The old man stopped walking, and held out his hand for the boy to take, and they shook hands.

“Weird. Isaac’s my name, too.”

“Small world. You know what that means?”

“What, Isaac?”

“Yes. Everyone has a name, and people used to be given names with meanings, sometimes as prognostications—you should learn that word, boy. It’s a good one—and sometimes, it was a reminder of their inheritance or beginning. Isaac just so happens to be—”

“I know. It means ‘laughter’. My mom got me this little plaque when I was a little kid and put it above the light switch in my room. She said it makes sense because I’ve always been a jokester.”

The man paused and pushed his long beard aside so he could rest his hands on his stomach.

“I see.”

For half a block, they walked in silence. The boy found himself trying to keep up with the man, whose gait had accelerated since he caught up to him only a few minutes before.

Breaking the discomforting quiet, the boy interjected that his bicycle had been stolen earlier that day, and that he wasn’t sure if he would be able to get it back.

“That’s unfortunate,” the man said. “Maybe something good will come of it. Someone else has a bike and you get to walk.”

“Exactly. That’s the problem. I hate walking.”

“Well, at least you can’t splash old guys without your wheels. I know some might appreciate that.”

Caught, the boy stuttered an apology while the elder Isaac smirked at him.

“Don’t worry about it. I just thought you should know I have a pretty good memory for an old guy, and it really is a shame you’ve lost your bike. From what I could tell, it could go pretty fast.”

Even though the man didn’t seem to care, Isaac (the younger) recalled the scene he alluded to with the sudden weight of unexpected guilt. So he changed the subject.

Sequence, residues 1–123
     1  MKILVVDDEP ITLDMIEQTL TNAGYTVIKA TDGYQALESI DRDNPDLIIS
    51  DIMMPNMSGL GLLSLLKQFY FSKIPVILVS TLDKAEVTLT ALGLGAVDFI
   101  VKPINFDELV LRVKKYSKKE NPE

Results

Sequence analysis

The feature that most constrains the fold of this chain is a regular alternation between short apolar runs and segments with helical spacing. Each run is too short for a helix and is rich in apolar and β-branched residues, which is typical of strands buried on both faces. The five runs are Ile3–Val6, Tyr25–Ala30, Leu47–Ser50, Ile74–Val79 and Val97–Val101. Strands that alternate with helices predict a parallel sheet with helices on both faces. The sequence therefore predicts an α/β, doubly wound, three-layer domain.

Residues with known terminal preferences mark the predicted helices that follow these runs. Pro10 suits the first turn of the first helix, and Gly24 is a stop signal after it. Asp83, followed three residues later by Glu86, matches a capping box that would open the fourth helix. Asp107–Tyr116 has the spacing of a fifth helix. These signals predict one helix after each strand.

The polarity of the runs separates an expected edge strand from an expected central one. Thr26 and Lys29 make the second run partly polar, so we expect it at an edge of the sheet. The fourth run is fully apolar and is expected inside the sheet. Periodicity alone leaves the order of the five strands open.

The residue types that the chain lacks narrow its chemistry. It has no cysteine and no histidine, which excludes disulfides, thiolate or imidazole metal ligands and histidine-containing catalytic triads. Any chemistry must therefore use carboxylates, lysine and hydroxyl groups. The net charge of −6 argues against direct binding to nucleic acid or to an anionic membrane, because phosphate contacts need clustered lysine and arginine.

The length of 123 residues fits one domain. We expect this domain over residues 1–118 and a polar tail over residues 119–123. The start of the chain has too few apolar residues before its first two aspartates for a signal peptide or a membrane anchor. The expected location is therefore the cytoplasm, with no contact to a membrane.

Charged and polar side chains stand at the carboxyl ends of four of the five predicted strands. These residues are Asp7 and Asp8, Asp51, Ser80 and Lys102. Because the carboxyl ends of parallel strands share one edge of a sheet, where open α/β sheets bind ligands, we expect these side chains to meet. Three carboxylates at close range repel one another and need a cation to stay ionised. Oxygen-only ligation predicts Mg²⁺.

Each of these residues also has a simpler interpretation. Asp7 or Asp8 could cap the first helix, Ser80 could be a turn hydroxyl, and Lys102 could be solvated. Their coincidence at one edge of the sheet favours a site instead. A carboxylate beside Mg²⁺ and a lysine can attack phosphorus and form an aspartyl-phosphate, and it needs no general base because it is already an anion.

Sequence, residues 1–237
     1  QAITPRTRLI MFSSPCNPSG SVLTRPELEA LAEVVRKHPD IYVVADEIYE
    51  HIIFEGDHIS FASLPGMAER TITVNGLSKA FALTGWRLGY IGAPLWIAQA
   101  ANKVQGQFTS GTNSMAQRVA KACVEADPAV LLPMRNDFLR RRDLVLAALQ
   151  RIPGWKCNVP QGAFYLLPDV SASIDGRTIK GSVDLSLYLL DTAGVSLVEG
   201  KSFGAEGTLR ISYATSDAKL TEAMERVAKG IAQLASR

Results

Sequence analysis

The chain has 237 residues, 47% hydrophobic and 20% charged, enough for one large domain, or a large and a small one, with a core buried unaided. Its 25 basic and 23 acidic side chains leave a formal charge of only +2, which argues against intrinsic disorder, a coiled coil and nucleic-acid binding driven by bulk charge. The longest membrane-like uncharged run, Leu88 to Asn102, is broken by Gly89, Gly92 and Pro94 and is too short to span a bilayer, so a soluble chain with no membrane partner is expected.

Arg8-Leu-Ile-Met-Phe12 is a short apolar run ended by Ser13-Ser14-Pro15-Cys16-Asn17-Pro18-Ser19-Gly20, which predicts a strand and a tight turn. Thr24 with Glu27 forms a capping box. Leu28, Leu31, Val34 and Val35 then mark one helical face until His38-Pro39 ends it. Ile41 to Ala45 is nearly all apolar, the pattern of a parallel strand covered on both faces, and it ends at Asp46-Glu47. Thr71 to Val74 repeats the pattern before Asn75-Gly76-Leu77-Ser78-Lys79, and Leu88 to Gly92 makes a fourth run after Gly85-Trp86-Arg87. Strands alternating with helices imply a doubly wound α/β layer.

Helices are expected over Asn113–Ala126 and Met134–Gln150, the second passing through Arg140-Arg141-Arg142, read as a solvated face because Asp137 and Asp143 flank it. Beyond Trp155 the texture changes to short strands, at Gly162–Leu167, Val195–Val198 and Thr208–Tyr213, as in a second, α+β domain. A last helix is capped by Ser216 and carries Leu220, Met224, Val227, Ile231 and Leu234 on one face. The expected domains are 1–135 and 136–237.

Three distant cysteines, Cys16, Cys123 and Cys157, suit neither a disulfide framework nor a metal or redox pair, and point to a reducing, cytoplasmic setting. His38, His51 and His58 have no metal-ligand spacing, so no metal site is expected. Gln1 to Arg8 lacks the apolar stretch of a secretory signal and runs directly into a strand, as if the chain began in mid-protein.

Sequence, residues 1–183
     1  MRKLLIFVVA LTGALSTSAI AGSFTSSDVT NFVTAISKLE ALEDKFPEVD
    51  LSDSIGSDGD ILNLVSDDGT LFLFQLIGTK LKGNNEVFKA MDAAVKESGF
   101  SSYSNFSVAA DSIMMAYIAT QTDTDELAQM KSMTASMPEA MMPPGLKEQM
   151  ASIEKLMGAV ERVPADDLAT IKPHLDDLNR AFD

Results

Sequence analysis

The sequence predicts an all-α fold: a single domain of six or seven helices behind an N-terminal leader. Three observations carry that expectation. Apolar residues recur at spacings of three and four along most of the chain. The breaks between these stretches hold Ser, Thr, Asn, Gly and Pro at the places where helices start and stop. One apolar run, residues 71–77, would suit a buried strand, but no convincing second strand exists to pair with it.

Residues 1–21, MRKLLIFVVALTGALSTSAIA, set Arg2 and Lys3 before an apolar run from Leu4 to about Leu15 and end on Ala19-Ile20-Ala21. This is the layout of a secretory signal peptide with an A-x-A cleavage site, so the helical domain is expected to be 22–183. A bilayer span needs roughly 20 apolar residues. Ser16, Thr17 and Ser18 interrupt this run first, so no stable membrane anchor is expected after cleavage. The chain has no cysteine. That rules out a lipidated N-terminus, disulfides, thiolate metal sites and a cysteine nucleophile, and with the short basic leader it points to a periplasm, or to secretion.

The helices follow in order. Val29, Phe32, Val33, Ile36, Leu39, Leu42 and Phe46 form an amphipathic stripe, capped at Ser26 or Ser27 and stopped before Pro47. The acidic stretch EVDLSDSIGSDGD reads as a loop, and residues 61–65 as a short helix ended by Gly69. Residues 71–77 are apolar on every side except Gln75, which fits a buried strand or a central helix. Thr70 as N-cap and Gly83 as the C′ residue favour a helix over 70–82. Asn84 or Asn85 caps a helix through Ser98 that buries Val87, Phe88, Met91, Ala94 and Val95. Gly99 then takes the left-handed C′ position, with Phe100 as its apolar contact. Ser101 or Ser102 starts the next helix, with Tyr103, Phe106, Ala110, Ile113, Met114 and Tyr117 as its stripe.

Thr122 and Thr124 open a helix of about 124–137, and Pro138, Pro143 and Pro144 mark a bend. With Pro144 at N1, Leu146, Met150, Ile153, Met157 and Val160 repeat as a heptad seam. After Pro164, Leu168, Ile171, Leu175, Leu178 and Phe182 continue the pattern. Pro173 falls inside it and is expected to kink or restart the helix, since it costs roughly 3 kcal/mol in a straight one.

“I don’t like taking the bus, either,” he offered.

“Well, then. I guess you have a tough decision to make. It’s between your feet and the limits of your fortitude to withstand the taunts of your peers.”

“It’s not that. No one dares to bully me,” the boy said as he kicked some loose, wet gravel. “It’s just that I’m new.”

The unlikely couple reached Warner Street, where the younger Isaac would turn right to make the rest of the way home alone. There, scanty rosebushes planted in a cluster near the stop sign were still blooming fuchsia in the last days of October.

“This is where I leave, um, sir,” the boy stammered, looking for a title of respect, not knowing what to call the man who didn’t quite look like a “father” or a “reverend”—certainly not a “captain” but maybe a “doctor.”

Sir? I think we can leave on a first-name basis. It’s a certain bond we have—having the same name, that is.”

“I guess so. It’s not all that uncommon, though.”

“True. But before you go, I think I might be of some help in clearing up something. You told me that your mother said your name suits you because you’re Mr. Funny Man at school, but I think you’ve been mislead—not maliciously, of course, but by a rather understandable misunderstanding.”

The boy looked toward his house and saw the bus turning from the housing development and back onto the main road.

“I really have to go. My mom doesn’t know I’ve lost my bike and that I’ll be late. The last excuse she’s going to want to hear is that I’ve been talking to an old man in an alleyway. No offense.”

“Of course, of course. None taken. But it won’t take more than a minute.”

“Sure. Fine. Let’s hear it. How has my mom lied to me all my life?”

“Mislead,” he corrected.

“Ok. Sure. Mislead.”

“Well, Isaac means ‘laughter,’ but the name wasn’t given to define or bestow humor upon the child. It was given because of doubting the possible, mocking a promise.”

Rolling his eyes, the boy asked if this was “some kind of Bible story,” to which the old man responded, suddenly standing straighter, “I don’t read the Bible.”

“Okay, sorry. Whatever. It sounded like a Bible story.”

The man sighed. “Another common mistake, really.”

“Well, like I said, I’m sorry. Have a good walk, wherever you’re going. I’ve got to start the macaroni if Mom’s not home.”

The boy turned his back to the old man at the corner, walked a few steps, clutched the shoulder straps of his backpack, and began to run.